Internet Governance & ICANN

Black Code coverRonald J. Deibert is the director of The Citizen Lab at the University of Toronto’s Munk School of Global Affairs and the author of an important new book, Black Code: Inside the Battle for Cyberspace, an in-depth look at the growing insecurity of the Internet. Specifically, Deibert’s book is a meticulous examination of the “malicious threats that are growing from the inside out” and which “threaten to destroy the fragile ecosystem we have come to take for granted.” (p. 14) It is also a remarkably timely book in light of the recent revelations about NSA surveillance and how it is being facilitated with the assistance of various tech and telecom giants.

The clear and colloquial tone that Deibert employs in the text helps make arcane Internet security issues interesting and accessible. Indeed, some chapters of the book almost feel like they were pulled from the pages of techno-thriller, complete with villainous characters, unexpected plot twists, and shocking conclusions. “Cyber crime has become one of the world’s largest growth businesses,” Deibert notes (p. 144) and his chapters focus on many prominent recent examples, including cyber-crime syndicates like Koobface, government cyber-spying schemes like GhostNet, state-sanctioned sabotage like Stuxnet, and the vexing issue of zero-day exploit sales.

Deibert is uniquely qualified to narrate this tale not just because he is a gifted story-teller but also because he has had a front row seat in the unfolding play that we might refer to as “How Cyberspace Grew Less Secure.” Continue reading →

The New York Times reports:

The Russians, who with only minimal success, had for years sought to make these companies provide law enforcement access to data within Russia, reacted angrily. Mr. Gattarov formed an ad hoc committee in response to Mr. Snowden’s leaks.

Ostensibly with the goal of safeguarding Russian citizens’ private lives and letters from spying, the committee revived a long-simmering Russian initiative to transfer control of Internet technical standards and domain name assignments from two nongovernmental groups that control them today to an arm of the United Nations, the International Telecommunications [sic] Union.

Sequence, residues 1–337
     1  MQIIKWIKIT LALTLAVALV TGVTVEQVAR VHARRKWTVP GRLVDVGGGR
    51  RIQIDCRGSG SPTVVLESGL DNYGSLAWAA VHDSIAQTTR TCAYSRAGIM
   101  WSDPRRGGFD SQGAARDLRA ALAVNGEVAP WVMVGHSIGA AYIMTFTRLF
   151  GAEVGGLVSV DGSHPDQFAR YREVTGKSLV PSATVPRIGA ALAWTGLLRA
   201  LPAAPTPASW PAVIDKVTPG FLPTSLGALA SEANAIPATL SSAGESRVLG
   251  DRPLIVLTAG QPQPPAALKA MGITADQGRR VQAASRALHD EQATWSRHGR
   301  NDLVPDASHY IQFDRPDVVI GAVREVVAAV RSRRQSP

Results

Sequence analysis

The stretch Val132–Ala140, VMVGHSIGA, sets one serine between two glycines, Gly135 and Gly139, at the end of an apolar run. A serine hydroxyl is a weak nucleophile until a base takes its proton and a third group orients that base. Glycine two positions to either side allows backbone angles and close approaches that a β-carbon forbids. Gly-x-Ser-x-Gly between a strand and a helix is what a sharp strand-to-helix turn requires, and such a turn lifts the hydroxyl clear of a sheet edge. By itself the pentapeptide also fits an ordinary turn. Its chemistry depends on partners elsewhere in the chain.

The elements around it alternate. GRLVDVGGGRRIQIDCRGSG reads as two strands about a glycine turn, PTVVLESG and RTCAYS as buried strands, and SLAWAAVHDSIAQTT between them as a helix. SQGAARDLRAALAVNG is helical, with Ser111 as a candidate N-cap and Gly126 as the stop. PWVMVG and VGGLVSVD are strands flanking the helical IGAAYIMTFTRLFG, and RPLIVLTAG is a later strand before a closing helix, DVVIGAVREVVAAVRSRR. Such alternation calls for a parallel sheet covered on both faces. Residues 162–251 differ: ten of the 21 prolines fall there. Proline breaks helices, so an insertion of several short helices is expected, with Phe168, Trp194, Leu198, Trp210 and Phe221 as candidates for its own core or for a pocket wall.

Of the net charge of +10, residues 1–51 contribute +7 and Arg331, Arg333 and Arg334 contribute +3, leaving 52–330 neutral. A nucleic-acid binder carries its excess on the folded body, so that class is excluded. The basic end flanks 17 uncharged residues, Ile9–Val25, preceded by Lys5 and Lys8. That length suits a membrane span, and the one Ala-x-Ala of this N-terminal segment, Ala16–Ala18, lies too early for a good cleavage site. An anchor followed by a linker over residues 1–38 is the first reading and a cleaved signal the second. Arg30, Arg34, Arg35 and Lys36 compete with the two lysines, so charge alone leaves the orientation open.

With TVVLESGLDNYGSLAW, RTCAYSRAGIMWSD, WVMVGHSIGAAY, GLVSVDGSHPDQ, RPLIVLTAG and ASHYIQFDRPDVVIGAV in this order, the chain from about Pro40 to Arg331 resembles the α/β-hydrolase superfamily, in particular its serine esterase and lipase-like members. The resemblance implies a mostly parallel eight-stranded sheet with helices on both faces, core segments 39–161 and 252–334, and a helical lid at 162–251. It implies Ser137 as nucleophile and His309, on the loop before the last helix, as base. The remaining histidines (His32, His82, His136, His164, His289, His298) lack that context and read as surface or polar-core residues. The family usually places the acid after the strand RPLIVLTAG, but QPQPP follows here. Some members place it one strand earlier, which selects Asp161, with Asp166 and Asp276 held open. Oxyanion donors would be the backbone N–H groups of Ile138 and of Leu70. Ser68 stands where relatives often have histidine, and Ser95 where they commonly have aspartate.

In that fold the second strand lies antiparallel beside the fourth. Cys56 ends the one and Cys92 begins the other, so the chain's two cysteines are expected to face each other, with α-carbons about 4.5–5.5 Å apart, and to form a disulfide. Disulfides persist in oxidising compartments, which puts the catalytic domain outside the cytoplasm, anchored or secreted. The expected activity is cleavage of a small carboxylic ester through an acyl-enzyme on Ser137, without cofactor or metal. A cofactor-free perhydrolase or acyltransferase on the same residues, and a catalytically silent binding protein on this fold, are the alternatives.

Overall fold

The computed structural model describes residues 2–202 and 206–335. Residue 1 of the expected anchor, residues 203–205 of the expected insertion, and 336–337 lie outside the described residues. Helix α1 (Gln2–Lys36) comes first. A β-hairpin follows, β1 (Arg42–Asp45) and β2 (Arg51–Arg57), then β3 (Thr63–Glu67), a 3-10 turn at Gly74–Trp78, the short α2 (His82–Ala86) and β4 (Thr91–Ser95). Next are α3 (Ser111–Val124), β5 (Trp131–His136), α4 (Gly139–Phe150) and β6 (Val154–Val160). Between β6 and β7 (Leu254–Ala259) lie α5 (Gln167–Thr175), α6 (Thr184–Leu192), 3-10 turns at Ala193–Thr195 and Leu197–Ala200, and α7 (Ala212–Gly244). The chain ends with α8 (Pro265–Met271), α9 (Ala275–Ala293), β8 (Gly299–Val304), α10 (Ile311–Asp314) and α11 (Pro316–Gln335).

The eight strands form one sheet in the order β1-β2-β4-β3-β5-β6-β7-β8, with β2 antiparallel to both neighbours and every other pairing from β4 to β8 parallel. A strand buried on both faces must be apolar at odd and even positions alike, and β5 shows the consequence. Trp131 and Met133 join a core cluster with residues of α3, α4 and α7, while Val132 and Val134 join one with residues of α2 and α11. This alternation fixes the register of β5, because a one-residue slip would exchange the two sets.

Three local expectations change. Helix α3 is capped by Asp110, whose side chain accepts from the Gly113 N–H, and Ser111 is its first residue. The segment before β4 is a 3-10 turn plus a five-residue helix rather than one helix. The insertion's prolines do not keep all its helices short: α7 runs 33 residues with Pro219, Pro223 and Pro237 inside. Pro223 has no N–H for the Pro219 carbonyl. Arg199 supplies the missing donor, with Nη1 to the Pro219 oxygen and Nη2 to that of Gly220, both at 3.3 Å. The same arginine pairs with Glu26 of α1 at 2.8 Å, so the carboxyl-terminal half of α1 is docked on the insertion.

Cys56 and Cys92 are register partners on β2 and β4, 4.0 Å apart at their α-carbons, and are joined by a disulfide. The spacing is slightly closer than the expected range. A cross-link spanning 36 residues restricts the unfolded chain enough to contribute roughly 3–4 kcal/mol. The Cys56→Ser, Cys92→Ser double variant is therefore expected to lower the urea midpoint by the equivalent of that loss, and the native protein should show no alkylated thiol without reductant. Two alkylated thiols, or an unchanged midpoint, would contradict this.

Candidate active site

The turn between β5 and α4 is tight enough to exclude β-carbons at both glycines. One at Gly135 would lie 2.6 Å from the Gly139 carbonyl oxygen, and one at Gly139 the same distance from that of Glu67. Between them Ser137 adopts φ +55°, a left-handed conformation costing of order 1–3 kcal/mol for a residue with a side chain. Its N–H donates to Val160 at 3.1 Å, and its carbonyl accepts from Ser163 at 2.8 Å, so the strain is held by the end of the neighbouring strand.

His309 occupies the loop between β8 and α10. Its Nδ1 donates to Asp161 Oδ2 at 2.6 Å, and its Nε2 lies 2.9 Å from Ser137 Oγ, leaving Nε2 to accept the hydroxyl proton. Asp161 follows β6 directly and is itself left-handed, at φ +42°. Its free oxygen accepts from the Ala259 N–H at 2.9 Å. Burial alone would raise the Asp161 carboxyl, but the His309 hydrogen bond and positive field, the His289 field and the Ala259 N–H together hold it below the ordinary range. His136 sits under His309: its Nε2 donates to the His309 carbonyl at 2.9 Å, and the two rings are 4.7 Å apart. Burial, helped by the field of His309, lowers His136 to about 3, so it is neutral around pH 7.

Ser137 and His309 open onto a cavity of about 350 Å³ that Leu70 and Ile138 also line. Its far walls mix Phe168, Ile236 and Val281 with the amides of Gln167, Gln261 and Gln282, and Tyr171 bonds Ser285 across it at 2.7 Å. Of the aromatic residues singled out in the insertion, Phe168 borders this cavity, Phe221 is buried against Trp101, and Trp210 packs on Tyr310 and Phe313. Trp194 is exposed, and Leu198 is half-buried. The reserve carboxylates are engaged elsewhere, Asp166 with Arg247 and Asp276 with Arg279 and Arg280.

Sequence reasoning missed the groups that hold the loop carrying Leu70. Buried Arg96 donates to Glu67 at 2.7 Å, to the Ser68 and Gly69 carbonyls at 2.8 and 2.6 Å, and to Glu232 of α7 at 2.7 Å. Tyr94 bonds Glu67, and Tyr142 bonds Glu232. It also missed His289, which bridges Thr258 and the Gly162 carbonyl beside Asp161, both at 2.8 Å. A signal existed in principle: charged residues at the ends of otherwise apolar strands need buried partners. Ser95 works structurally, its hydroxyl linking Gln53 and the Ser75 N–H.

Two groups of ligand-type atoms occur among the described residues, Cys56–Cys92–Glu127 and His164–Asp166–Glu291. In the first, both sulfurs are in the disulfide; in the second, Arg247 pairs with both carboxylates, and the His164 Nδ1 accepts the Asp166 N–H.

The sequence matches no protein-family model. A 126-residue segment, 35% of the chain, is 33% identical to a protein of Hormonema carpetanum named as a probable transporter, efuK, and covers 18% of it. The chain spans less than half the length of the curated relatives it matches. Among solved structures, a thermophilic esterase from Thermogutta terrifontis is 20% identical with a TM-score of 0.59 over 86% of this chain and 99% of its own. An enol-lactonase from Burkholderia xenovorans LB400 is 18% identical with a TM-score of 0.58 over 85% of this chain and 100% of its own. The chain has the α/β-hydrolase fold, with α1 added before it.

It’s not immediately clear to me how moving Internet standards and DNS from IETF and ICANN to the ITU is supposed to stop the NSA from spying on Russians, so the smart read is that this is retaliation pure and simple.

Brazil’s foreign minister, Antonio Patriota, for example, a week ago endorsed the Russian proposal to transfer some control over Internet technical standards to the United Nations telecommunications agency.

While these are not major changes in policy positions, the NSA’s surveillance programs seem to be galvanizing those who want the ITU to take an active role in Internet governance. It’s time for the USA to practice what it preaches on Internet freedom.

Richard Brandt, technology journalist and author, discusses his new book, One Click: Jeff Bezos and the Rise of Amazon.Com. Brandt discusses Bezos’ entrepreneurial drive, his business philosophy, and how he’s grown Amazon to become the biggest retailer in the world. This episode also covers the biggest mistake Bezos ever made, how Amazon uses patent laws to its advantage, whether Amazon will soon become a publishing house, Bezos’ idea for privately-funded space exploration and his plan to revolutionize technology with quantum computing.